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THEATER REVIEW

Treading lightly in Golda's shoes

Renee Taylor mixes history, drama and humor as the Israeli leader.

May 08, 2003|Don Shirley | Times Staff Writer

A Renee Taylor solo called "An Evening With Golda Meir," billed as "the inspiring life of Golda Meir," sounds, in advance, like something out of "SCTV." Taylor is best known for her own semiautobiographical comedies and a role in "The Nanny."

But Taylor's performance as the former Israeli prime minister is better than expected. Although her script fails to transcend the built-in problems of its genre, the natural drama of Meir's biography and a sprinkling of Borscht Belt-style jokes make the production palatable.

Geared to American theatergoers, the monologue's premise is that Meir is addressing an American audience in 1978, commemorating Israel's 30th birthday. U.S. and Israeli flags flank the stage at the Canon Theatre.

Taylor emerges in a black suit, orthopedic shoes and a severe haircut with a dark headpiece. Yet a colorful shawl and brooch somewhat soften the look. Taylor's features aren't nearly as craggy as Meir's, but the resemblance is close enough.

Meir was 80 in 1978. Taylor tones down her own ebullience and speaks in calm, deliberative cadences, raising her voice only during a few emotional moments.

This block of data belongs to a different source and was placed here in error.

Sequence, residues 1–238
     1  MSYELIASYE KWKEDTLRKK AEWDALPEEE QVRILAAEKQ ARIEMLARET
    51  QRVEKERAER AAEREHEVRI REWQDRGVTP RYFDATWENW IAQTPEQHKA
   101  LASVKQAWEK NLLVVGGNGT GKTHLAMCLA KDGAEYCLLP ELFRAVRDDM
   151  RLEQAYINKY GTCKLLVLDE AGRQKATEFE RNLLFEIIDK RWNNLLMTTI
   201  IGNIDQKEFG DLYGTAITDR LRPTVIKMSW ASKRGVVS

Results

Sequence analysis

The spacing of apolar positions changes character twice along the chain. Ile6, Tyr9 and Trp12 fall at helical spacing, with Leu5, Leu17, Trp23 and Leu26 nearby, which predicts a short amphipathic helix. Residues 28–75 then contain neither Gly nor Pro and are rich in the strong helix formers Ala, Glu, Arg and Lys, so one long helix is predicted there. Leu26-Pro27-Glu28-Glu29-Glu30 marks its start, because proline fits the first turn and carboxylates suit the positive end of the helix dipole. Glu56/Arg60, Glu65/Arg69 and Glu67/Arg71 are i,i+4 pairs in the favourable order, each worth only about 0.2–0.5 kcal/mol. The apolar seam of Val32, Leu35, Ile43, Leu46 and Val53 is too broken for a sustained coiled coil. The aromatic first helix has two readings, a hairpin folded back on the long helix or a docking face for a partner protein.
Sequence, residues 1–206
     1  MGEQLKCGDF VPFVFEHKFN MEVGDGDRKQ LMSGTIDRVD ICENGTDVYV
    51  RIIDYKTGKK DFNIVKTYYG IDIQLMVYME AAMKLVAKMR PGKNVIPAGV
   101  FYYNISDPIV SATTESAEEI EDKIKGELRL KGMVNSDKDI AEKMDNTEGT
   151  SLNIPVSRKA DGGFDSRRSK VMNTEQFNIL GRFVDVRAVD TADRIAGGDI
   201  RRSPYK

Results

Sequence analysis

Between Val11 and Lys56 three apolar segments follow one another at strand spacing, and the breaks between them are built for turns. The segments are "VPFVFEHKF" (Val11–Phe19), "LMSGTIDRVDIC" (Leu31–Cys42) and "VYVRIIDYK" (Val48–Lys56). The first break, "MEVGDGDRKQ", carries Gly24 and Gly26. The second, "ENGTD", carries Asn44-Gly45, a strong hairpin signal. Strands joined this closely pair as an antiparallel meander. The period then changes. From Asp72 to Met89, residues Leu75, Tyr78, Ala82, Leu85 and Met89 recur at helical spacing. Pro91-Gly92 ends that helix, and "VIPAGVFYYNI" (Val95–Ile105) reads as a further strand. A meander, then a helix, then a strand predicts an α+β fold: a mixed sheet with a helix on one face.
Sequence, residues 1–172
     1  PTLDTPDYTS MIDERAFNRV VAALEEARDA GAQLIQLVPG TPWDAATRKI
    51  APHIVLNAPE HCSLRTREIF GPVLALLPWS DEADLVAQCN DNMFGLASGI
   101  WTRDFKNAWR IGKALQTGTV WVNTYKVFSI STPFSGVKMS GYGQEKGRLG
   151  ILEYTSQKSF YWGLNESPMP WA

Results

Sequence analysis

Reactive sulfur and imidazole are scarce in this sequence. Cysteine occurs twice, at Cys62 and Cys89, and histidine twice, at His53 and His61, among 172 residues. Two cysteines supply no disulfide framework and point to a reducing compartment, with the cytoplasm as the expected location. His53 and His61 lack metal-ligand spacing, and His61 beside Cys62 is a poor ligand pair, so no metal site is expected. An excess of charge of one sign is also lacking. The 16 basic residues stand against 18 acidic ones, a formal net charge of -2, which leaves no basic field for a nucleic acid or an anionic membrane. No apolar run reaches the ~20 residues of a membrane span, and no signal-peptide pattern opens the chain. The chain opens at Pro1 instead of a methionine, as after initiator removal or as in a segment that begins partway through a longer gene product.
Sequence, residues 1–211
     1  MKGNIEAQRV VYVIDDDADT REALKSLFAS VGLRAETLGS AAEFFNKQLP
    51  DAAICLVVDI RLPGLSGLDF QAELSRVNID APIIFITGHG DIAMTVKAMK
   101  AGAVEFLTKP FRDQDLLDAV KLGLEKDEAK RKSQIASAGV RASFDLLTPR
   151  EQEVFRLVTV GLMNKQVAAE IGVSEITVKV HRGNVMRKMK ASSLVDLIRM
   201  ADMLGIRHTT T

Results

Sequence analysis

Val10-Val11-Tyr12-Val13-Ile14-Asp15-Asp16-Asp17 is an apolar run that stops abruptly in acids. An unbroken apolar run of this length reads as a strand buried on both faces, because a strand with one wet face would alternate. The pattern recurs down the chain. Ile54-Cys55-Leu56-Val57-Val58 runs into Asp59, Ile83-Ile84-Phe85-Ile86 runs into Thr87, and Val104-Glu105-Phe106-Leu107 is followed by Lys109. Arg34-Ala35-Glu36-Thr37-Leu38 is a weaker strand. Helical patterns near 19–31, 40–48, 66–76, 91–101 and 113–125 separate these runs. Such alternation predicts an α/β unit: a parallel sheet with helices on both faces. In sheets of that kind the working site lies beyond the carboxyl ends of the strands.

Celeste Thompson's lighting changes, occasional slides projected on the backdrop and sound effects designed by Peter Stenshoel -- all under the direction of Taylor's husband, Joseph Bologna -- add variety. During discussion of Meir's early years, Taylor does an occasional dance step, and a few other characters speak briefly on tape -- elements that would not have been part of a real Meir lecture but that qualify under the terms of Taylor's dramatic license.

After a few initial pleasantries, Taylor heads into Meir's years as prime minister and her most difficult crisis -- the Yom Kippur War of 1973. This section, like many in the genre of solo docudramas, calls out for program footnotes documenting the sources.

Regardless of what Meir did during that period, it's unlikely that -- five years later -- she would have casually volunteered to an American audience that she had threatened to use nuclear weapons as part of her plea for faster American military assistance. Yet that's what Taylor has Meir saying in this script.

The script oversimplifies the days immediately prior to the war, in which Meir made her most frequently criticized decisions. Taylor then turns to Meir's early years in Russia and America and gradually works her way chronologically to the birth of Israel. The two decades after 1948 get hardly any attention.

A chronic problems of this genre is the inability to boil down a momentous lifetime into one monologue, but Taylor's choices are relatively defensible. Indeed, the 90-minute performance, with no intermission, begins to drag slightly as the ending approaches.

*

'An Evening With Golda Meir'

Where: Canon Theatre, 205 N. Canon Drive, Beverly Hills

When: Tuesdays-Thursdays, Saturdays and Sundays, 8 p.m.; Wednesdays and Sundays, 2 p.m.

Ends: May 25

Price: $35-$45

Info: (310) 859-2830

Running time: 1 hour, 30 minutes

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